The General Assembly and Gov. Ned Lamont could cut roughly $1 billion more in taxes than they’ve already agreed to and still not violate federal limits placed on states that accepted emergency coronavirus relief, according to new projections from nonpartisan analysts.
Senate Minority Leader Kevin Kelly of Stratford said an estimate from the Office of Fiscal Analysis vindicates the GOP, which has been told for weeks by Lamont that their larger tax-cutting proposals would get Connecticut in legal trouble.
“Time and again, the governor and his majority told us that what we were doing was prohibited by federal law, that we couldn’t do what the Senate Republicans wanted to do, and somehow, that fighting for Connecticut’s taxpayers was somehow irresponsible and untoward ,” Kelly said during a mid-afternoon press conference at the Capitol.
The GOP leader was referring to rules Congress imposed on recipients of American Rescue Plan Act funding, which pumped more than $6 billion into Connecticut — including about $3 billion that went directly to state government.
To ensure states used the funds to recover from COVID-19, the US Treasury created a formula that looks closely at state tax receipts collected in 2019 — the last year before the pandemic — and then adjusts for inflation.
Connecticut collected $18.45 billion that year, or $20.7 billion converted to 2022 values, according to the US Bureau of Labor Statistics’ inflation calculator.
Based on that formula, the Lamont administration warned for months that state tax cuts next fiscal year couldn’t exceed about $180 million.
But the federal government provided a second option for states whose tax revenues exceed inflation-adjusted 2019 levels.
When Lamont’s budget office and the Office of Fiscal Analysis updated their revenue projections on Monday, a huge surge in tax receipts pushed Connecticut’s total past pre-COVID levels and up to nearly $22.4 billion.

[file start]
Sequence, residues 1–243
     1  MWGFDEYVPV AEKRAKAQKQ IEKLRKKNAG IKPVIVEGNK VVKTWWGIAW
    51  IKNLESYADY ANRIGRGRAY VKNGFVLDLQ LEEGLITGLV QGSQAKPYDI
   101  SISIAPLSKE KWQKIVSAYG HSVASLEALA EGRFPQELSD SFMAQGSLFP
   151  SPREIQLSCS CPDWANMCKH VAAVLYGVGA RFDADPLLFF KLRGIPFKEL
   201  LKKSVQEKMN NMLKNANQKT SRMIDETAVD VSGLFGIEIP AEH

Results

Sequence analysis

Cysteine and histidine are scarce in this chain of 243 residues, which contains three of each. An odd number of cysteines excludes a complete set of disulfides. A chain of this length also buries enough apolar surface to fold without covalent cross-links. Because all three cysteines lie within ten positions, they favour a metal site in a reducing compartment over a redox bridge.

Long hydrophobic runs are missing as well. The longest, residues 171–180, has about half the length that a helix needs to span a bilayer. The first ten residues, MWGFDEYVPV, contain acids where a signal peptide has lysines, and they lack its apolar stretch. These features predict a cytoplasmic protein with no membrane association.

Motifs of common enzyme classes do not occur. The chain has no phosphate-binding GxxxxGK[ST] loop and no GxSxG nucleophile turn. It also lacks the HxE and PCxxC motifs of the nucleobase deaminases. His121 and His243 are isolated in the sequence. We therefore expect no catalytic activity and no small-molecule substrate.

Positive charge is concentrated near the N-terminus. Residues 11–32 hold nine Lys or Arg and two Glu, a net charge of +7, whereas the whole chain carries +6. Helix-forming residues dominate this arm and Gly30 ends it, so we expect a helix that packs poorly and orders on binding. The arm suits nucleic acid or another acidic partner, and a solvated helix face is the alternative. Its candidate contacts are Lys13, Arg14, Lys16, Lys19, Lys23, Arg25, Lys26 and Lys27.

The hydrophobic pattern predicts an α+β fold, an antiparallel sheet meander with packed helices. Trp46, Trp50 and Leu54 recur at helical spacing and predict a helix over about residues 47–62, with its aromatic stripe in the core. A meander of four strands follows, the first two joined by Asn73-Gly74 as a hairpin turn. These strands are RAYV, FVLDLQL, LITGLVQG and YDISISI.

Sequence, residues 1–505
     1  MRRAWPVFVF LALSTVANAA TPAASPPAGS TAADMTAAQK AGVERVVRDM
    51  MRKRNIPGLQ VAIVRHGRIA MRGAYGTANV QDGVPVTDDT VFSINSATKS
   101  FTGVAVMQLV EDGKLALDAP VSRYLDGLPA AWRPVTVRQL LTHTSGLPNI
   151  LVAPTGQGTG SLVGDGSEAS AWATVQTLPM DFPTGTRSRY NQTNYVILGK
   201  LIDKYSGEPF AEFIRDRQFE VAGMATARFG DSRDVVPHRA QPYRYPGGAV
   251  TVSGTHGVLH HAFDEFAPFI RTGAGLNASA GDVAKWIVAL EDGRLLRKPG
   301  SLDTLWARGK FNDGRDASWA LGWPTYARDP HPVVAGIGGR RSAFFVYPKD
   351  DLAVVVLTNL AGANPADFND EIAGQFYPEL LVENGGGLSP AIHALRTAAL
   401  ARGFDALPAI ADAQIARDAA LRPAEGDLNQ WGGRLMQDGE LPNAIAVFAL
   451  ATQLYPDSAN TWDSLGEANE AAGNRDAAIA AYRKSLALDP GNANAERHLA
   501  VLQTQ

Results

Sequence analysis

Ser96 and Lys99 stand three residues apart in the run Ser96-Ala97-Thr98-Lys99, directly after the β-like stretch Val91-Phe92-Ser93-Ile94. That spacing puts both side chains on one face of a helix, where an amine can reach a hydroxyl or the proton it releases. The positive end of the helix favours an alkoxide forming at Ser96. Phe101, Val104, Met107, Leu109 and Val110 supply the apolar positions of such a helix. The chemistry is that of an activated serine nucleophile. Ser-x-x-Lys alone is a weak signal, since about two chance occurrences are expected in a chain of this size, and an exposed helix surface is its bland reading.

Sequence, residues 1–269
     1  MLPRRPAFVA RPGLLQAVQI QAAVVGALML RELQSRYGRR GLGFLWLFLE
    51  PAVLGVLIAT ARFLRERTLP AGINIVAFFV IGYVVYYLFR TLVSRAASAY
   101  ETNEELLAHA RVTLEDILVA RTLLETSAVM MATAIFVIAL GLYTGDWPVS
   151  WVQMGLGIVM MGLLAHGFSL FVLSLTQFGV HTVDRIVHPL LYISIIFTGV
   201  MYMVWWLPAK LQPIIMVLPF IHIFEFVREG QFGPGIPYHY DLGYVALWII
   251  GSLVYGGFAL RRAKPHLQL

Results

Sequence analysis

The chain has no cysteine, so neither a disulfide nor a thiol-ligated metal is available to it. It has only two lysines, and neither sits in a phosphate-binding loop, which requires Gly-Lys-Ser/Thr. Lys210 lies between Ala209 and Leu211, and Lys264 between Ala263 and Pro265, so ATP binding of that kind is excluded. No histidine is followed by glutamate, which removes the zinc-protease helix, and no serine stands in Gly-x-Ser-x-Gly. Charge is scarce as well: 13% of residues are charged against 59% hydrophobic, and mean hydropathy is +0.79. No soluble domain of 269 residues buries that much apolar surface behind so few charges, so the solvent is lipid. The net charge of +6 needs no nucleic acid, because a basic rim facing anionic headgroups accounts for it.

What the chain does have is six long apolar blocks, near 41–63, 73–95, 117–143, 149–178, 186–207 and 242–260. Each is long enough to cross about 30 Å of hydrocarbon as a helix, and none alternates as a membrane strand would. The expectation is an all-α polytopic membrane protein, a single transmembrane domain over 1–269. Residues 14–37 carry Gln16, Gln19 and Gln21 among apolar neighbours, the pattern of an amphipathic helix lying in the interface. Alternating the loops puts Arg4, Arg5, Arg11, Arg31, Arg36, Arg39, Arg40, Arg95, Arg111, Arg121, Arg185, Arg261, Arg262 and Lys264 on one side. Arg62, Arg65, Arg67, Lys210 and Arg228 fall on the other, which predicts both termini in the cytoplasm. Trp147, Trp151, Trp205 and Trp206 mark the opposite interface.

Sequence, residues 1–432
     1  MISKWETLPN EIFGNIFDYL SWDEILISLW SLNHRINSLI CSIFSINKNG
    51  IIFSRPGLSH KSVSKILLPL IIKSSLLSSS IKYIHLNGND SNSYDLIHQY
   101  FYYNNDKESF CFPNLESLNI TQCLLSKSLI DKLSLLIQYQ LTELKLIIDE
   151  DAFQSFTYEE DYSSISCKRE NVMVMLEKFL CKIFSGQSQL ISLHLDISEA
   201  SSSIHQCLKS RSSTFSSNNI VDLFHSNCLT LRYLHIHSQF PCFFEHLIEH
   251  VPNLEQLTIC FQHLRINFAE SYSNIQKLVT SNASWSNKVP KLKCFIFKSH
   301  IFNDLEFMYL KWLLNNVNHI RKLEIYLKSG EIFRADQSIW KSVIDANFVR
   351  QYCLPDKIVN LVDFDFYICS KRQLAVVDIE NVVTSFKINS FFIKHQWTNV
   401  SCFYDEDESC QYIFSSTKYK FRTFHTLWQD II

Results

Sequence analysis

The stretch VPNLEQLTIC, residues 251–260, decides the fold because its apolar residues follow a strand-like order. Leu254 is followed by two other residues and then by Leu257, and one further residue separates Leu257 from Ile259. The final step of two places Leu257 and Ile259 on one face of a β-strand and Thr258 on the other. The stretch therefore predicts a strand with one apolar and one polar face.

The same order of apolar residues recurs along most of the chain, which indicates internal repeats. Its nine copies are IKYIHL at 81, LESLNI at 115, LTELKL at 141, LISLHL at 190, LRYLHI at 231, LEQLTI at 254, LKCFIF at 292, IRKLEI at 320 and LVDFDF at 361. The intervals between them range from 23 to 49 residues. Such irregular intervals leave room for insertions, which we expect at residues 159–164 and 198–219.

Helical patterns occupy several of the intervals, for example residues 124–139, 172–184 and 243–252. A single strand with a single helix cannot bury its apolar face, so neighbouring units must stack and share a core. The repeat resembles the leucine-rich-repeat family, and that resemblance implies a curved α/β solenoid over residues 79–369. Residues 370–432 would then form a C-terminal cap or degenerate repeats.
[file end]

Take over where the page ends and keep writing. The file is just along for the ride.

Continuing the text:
Once a state has cleared the 2019 tax revenue mark, it has the option of following a second formula based on current revenues — one that gives states much more flexibility.
Nonpartisan analysts say Connecticut’s new limit is about $1.4 billion.
The $24.2 billion budget Lamont and Democratic leaders negotiated for the fiscal year that begins July 1 includes more than $600 million in tax relief. The House passed the bill early Tuesday morning and the Senate was expected to approve it late Tuesday night or early Wednesday.
But not all of that relief, from an accounting standpoint, qualified as a state tax cut. The plan freezes property tax rates on cars, saving households $100 million in municipal taxes. It also reduces a future assessment on businesses by putting $40 million in the state’s cash-strapped unemployment insurance trust — but that technically counts as an expenditure.
That leaves a little more than $450 million in official state tax cuts as far as federal limits are concerned — almost $1 billion below the cap as calculated by the nonpartisan Office of Fiscal Analysis.
“We respect the analysis provided by our colleagues at OFA to the Senate Republicans,” Chris Collibee, spokesman for the governor’s budget office, said Tuesday. “And while it might be possible to cut more taxes, doing so at the scale that the Republicans propose would create a massive hole in the state budget.”
Republicans counter that offering more tax cuts wouldn’t strain state finances so much had Lamont and Democrats not written a plan that boosts spending next year by more than 6% over current levels.
Lamont and Democratic legislators say the tax cuts they’ve enacted already are at a record high, and Collibee added that Kelly “appears to be defending a vote against the biggest tax cut in state history by complaining that it’s not big enough.”
The Democratic plan also boosts income tax credits for the poor and middle class, and it extends a temporary gasoline tax break from June 30 to Dec. 1.
But Kelly said that relief is small compared with state government’s massive windfall.
The Republican tax-cutting plan, which is worth $1.2 billion next fiscal year, mirrors many elements of the Democratic plan. But it also would lower an income tax rate that hits most middle class households while temporarily reducing the sales tax and repealing a highway use fee on large commercial trucks.
With an 8.5% national inflation rate, high gasoline prices and a state economy that’s still down 55,000 jobs from pre-pandemic levels, Kelly added, Connecticut families’ budgets aren’t doing as well.
“People in my district, in my neighborhoods, are complaining that with the 40-year high in inflation, they are having difficulty making ends meet,” he said.